The False Idea of Work/Life Balance 3 Min Read
The “work/life balance” is one of the saddest, most corrosive buzz-phrases of our time. To me, that phrase seems to come down to this: when you’re working, you’re supposed to feel guilty that you’re taking time away from your “life,” by which most people mean their family; but when you’re spending time with your family or in some leisure activity, you’re supposed to feel guilty about not working and advancing your career. Work-life balance- According to a 2014 Harvard Business School survey of nearly four thousand C-suite executives, most women plead guilty to neglecting career or family. Most men simply slink out of the courtroom.
“When you are paid well,” a successful woman executive told a survey interviewer, “you can get all the [practical domestic] help you need. What is the most difficult thing, though-what I see my women friends leave their careers for-is the real emotional guilt of not spending enough time with their children. The guilt of missing out.” A successful male executive, in contrast, boasted to interviewers that the “10 minutes I give my kids at night is one million times greater than spending that 10 minutes at work.” Male executives readily confess that they “don’t prioritize their families,” but they’re just not bothered much about it. Instead, they “praise their spouses for taking over the homefront entirely.”
Two things really bother me about the Harvard survey. First, while women accounted for 46.9 percent of the US labor force in 2012 and held a whopping 51.5 percent of management, professional, and related positions, both men and women tend to see the work/life balance as a woman’s problem. Second, while women cop a plea and men flatly refuse to stand trial, both appear to be more concerned about being judged guilty-or about feelingguilty-than they care about actually shortchanging either family or career. So, it isn’t really that work and life are out of balance. It’s the majority’s view of work and life that is way out of whack.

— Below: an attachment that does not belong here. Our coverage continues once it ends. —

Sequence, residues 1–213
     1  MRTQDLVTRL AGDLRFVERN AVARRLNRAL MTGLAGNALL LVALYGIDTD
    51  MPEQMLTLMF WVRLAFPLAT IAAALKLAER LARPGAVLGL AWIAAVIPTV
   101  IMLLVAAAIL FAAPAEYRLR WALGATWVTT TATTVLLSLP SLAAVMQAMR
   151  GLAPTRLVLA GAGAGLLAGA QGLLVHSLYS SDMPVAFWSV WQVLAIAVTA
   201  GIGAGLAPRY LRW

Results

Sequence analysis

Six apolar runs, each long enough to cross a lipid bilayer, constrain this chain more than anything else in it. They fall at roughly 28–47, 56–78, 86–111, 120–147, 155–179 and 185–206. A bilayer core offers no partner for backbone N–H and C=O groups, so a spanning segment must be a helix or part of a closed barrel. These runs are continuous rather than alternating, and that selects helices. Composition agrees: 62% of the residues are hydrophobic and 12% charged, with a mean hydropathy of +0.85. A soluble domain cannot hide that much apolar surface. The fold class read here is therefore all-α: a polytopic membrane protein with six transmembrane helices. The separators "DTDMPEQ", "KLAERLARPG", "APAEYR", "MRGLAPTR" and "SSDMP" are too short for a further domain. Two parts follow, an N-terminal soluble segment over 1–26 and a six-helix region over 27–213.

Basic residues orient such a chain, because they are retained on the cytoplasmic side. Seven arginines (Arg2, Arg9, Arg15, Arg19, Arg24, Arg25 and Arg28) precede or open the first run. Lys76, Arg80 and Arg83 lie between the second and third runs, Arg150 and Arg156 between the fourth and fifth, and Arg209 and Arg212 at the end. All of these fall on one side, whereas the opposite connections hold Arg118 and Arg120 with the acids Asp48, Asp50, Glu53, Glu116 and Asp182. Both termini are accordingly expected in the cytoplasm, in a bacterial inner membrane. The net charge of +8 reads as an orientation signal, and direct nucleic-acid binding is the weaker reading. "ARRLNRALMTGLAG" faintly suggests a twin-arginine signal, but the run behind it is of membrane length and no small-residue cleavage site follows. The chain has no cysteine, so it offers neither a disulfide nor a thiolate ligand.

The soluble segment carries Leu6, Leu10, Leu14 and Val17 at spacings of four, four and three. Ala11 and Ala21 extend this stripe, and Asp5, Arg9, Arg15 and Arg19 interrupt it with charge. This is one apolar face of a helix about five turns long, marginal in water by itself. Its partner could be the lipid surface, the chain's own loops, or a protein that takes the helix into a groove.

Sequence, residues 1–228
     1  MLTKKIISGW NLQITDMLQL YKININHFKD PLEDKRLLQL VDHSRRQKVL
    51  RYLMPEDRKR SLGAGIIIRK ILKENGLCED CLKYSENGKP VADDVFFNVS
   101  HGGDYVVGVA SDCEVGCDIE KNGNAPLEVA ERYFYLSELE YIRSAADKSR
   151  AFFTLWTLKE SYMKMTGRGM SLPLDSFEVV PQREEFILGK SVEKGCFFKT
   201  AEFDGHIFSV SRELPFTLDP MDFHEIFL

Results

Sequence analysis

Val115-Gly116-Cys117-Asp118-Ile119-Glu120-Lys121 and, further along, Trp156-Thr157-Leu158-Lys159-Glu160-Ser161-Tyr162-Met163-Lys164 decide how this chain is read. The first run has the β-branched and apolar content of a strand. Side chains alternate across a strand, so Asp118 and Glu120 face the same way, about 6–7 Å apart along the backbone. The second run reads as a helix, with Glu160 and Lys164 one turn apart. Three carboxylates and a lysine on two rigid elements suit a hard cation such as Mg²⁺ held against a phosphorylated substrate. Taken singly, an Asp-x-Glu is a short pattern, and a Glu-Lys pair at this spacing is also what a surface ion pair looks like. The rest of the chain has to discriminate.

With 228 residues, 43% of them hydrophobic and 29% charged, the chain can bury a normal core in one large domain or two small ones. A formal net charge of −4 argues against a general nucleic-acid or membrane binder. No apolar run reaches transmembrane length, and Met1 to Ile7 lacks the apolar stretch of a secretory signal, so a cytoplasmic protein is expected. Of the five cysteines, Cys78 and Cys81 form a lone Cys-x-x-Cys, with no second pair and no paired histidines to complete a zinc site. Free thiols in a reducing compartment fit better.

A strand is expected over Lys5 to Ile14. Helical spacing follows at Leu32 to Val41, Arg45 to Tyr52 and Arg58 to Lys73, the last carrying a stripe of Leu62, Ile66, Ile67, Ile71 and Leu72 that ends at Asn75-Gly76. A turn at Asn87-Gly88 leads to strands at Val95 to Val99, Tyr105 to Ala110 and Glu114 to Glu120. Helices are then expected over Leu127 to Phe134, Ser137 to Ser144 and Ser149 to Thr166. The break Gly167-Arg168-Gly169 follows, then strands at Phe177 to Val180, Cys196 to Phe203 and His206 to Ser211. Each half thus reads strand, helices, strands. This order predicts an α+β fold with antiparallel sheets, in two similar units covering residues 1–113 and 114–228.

Let’s recognize right now that the work/life balance is less about divvying up hours between career and family than it is about feeling guilty no matter how we apportion our time. The “crime” is neither neglect of family nor compromising your career. The crime is guilt itself. And who needs that?
Feeling guilty poisons both career and family. You cannot divide yourself mathematically between the two. Instead, get into the moment every moment. When you are working, devote 100 percent to the job at hand. When you are with your family, they get 100 percent from you. As far as time goes, understand that being an entrepreneur takesplenty of effort and time, but it typically gives you more control over your time. This is one of the most attractive things about starting your own business. Putting yourself at the mercy of a schedule dictated by a boss or a board or a quarterly earnings target relinquishes control. Working for yourself gives you control of all of your time, but it’s up to you to deliver 100 percent, 100 percent of the time, in an effort to be the greatest entrepreneur, the greatest spouse, the greatest parent, the greatest grandparent-the greatest at whatever means the most in your world.
Adapted from Fran Tarkenton?s book, The Power of Failure: Succeed in the Age of Innovation